SAN FRANCISCO (AP) -- The latest Bigfoot sighting in Northern California isn't deep in the woods or high on a mountain, but in a courthouse.
One of the leading searchers for the creature is suing the Great American Bigfoot Research Organization for breach of contract, claiming it never paid to use keepsakes he collected in his pursuits, including a plaster impression of what he describes as the hairy beast's actual big foot.
"You can't get this stuff anywhere,'' C. Thomas Biscardi said Wednesday by cell phone from Texas, where he says he has spotted a Bigfoot yet again. "It's worth thousands of thousands of dollars.''
Biscardi claims the suburban San Francisco company agreed to pay him $215,000 but only made one initial payment. His attorney, Dennis Kazubowski, said the company hasn't replied to repeated requests to return the items.
The company didn't immediately return a call on Wednesday seeking comment.
Bigfoot, a hairy humanoid that supposedly stands up to 8 feet tall, has long vexed legions who have taken to the American wilds to look for what some claim might be evolution's missing link. Many others scoff at the very notion of its existence.
Generations of American children were reared on the legend, which spawned television shows, films and even tours. More than 2,550 sightings have been reported in North America in the past century, according to Christopher L. Murphy's 2004 book "Meet the Sasquatch,'' a title referring to the creature's American Indian name.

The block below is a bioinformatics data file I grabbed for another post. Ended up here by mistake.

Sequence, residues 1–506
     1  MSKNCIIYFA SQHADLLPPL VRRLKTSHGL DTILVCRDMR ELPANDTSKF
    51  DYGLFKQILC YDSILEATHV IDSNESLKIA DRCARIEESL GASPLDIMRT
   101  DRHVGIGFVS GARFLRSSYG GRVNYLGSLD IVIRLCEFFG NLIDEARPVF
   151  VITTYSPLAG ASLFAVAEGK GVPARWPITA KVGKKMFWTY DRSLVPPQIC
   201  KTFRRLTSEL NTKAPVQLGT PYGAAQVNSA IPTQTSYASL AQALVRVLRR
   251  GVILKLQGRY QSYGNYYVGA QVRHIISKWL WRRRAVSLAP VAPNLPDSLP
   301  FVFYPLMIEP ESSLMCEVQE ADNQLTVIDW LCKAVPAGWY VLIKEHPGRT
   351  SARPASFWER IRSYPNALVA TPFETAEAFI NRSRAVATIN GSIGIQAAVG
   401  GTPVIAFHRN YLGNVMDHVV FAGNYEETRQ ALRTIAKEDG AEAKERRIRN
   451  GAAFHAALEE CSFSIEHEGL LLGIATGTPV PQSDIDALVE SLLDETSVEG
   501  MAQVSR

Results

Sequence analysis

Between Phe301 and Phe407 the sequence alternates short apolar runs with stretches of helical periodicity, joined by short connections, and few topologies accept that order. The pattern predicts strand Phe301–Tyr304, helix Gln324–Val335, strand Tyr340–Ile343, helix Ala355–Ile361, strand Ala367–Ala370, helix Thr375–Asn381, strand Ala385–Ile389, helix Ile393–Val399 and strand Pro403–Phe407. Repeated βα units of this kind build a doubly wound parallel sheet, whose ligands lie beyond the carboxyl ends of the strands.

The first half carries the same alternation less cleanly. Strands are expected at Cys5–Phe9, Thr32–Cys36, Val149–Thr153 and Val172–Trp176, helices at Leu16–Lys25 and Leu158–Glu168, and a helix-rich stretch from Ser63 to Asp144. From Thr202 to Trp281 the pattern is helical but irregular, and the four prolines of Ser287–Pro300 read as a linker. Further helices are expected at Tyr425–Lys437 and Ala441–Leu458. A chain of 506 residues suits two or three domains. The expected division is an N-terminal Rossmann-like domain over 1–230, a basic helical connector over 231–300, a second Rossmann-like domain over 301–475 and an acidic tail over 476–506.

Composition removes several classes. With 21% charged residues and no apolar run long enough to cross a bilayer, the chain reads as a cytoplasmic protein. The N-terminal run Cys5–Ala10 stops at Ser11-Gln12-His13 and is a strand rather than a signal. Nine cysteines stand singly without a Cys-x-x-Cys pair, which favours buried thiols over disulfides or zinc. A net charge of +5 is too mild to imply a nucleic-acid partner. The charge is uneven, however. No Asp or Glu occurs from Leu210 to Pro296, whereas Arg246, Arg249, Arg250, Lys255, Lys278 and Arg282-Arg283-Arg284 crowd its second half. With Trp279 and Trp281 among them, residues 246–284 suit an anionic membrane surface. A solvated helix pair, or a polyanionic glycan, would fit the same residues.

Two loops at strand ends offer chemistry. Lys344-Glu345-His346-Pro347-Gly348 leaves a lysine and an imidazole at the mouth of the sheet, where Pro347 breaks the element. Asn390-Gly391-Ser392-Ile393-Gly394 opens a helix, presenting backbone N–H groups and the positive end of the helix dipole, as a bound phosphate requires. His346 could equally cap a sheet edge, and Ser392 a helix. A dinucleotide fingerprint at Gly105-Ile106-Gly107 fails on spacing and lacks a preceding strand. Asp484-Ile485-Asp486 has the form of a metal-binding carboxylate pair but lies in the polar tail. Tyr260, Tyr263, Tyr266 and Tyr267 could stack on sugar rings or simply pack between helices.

But hoaxes have also been a large part of the Bigfoot legend. California construction company owner Ray L. Wallace donned 16-inch wooden feet to create tracks in mud in 1958, and it led to a front-page story in a local paper that coined the term "Bigfoot.''
In the suit filed in Marin County Superior Court, Biscardi asked for $185,000 plus interest and the return of his rare Bigfoot stash including original film reels, magazine articles, books and pictures. He's also asking the organization not to use his name or likeness on its Web site, which was still offering Biscardi-led expeditions Wednesday.
Kazubowski said the Bigfoot expert entered a licensing agreement with research organization executives Carole Rubin and Robert Shorey in 2005 to conduct Bigfoot expeditions and allow the organization to use his collection.
The lawsuit claims Biscardi "is publicly renowned for leading the research into whether the Bigfoot creature exists.''
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